If we don't work with inclusive groups, we'll end up with unequal policies that may perpetuate the social norms we're trying to change.
Sexual violence is inextricably linked to oppression – and we won’t ever end sexual violence without ending oppression.
These two examples show how we can use our knowledge of risk and protective factors to prevent sexual violence in the real world.
Risk and protective factors are a framework of things that can increase or decrease the likelihood of sexual violence perpetration.
Evaluation is key component of successful prevention programs – it helps us know what is working, what we should change, and can help us track how we got to where we are now. Okay, I can practically hear people tuning out right now. Don’t do it, though – stay with me!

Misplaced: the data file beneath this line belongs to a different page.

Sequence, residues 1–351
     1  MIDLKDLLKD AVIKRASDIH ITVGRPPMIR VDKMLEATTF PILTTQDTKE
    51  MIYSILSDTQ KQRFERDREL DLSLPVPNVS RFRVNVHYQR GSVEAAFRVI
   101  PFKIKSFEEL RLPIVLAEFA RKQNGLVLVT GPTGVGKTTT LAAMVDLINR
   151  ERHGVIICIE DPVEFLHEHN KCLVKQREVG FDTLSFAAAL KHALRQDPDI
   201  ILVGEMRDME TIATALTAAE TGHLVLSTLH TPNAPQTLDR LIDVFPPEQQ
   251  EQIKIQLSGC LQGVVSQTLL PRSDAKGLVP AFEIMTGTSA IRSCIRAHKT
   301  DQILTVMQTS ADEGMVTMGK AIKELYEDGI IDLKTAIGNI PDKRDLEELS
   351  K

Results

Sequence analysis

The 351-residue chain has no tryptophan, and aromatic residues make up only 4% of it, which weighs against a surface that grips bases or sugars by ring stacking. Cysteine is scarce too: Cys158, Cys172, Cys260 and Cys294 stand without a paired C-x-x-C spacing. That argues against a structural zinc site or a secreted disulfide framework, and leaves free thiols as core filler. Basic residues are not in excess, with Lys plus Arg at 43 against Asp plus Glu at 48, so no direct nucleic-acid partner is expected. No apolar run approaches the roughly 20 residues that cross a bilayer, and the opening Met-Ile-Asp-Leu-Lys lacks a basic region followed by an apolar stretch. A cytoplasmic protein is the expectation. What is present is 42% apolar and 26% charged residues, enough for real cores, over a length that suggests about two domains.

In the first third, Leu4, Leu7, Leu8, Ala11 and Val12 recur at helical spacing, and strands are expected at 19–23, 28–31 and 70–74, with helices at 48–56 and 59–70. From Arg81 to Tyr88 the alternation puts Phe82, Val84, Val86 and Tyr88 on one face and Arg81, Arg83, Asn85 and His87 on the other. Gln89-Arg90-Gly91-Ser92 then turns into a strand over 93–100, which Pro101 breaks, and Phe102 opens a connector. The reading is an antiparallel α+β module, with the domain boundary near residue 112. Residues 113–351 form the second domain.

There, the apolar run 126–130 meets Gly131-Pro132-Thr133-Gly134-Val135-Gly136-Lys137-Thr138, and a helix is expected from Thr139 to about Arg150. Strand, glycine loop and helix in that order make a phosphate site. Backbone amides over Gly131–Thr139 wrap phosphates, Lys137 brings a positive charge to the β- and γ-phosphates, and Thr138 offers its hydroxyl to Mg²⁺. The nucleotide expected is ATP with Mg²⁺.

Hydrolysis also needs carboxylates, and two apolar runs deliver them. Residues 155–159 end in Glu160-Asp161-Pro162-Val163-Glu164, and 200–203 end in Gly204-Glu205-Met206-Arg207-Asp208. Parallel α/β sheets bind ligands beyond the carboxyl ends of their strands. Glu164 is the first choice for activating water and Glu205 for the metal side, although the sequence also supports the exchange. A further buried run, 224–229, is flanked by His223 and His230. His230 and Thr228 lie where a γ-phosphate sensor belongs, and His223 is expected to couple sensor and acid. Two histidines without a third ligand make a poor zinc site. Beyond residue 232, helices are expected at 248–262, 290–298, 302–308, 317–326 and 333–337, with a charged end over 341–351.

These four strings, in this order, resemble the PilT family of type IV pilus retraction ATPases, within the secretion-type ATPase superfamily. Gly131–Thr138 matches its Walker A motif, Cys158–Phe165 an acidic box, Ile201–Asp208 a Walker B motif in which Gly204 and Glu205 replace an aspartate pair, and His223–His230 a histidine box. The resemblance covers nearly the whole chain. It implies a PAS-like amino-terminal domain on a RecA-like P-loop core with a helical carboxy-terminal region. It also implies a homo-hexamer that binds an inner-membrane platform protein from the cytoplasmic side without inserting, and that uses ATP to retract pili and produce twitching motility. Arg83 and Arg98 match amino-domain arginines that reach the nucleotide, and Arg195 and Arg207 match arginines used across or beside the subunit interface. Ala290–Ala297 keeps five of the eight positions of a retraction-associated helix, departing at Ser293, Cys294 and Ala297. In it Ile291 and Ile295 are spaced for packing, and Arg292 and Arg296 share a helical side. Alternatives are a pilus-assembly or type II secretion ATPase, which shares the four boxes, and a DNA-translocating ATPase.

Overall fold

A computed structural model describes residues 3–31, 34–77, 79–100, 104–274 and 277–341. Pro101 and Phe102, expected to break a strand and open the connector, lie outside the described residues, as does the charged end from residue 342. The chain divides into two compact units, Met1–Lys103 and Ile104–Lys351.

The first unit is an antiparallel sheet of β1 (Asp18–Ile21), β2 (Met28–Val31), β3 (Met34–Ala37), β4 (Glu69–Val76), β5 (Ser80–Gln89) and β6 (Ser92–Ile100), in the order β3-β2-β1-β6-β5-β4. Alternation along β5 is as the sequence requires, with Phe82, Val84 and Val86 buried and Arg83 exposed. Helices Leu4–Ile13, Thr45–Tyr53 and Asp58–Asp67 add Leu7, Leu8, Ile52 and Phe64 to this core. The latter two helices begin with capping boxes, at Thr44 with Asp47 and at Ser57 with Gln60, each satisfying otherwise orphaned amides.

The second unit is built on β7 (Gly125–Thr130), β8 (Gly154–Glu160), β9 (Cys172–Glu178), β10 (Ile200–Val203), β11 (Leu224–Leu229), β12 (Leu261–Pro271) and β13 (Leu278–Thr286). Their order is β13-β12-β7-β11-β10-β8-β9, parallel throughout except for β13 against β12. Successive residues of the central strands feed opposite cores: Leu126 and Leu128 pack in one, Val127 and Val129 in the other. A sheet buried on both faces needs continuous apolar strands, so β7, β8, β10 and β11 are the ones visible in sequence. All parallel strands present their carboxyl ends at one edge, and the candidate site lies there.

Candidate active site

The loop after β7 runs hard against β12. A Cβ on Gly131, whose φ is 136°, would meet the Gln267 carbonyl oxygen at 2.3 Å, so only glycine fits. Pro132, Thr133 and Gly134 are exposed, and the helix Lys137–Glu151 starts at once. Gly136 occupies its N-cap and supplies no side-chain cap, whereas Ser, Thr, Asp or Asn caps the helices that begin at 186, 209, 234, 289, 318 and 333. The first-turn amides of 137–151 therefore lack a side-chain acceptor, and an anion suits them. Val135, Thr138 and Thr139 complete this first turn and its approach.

By Mo Lewis, Prevention Specialist for the National Sexual Violence Resource Center
This blog post was written by Mo Lewis, Prevention Specialist at NSVRC
This is a guest blog post by Mo Lewis, Prevention Specialist at NSVRC
This is a guest blog post from Mo Lewis, the Prevention Specialist at NSVRC.